How sexual freedom began to spread in the west, and how we moved away from a society that once executed adulterers and prostitutes:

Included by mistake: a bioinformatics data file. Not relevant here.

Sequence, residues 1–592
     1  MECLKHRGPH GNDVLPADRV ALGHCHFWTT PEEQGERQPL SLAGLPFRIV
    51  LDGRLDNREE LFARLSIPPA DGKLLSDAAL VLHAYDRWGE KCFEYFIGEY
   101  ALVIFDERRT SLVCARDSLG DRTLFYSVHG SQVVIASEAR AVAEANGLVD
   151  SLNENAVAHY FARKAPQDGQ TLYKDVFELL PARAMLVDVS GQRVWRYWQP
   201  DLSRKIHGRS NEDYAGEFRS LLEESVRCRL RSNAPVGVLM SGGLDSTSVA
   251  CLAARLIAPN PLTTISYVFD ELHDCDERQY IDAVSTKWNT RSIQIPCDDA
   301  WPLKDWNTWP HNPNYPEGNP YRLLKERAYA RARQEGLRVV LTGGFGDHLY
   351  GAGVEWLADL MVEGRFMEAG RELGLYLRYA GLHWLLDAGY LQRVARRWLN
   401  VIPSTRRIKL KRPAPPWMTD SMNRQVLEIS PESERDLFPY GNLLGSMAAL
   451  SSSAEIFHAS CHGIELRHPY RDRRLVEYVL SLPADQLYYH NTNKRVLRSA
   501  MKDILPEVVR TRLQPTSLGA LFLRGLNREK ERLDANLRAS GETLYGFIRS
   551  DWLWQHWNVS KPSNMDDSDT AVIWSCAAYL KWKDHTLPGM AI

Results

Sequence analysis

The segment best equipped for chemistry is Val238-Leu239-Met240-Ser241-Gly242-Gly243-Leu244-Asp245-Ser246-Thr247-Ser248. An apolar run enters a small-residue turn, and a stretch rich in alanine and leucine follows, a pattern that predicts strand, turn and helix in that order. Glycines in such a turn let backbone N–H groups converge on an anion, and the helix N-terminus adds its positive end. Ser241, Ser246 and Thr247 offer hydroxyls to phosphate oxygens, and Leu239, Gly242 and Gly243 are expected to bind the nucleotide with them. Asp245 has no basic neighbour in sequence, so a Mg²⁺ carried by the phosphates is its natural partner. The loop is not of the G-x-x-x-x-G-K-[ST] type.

Since the dawn of history, every civilisation had punished sexual immorality. The law codes of the Anglo-Saxon kings of England treated women as chattels, but they also forbade married men to fornicate with their slaves, and ordered that adulteresses be publicly disgraced, lose their goods and have their ears and noses cut off. Such severity reflected the Christian church’s view of sex as a dangerously polluting force, as well as the patriarchal commonplace that women were more lustful than men and liable to lead them astray. By the later middle ages, it was common in places such as London, Bristol and Gloucester for convicted prostitutes, bawds, fornicators and adulterers to be subjected to elaborate ritual punishments: to have their hair shaved off or to be dressed in especially degrading outfits, severely whipped, displayed in a pillory or public cage, paraded around for public humiliation and expelled for ever from the community.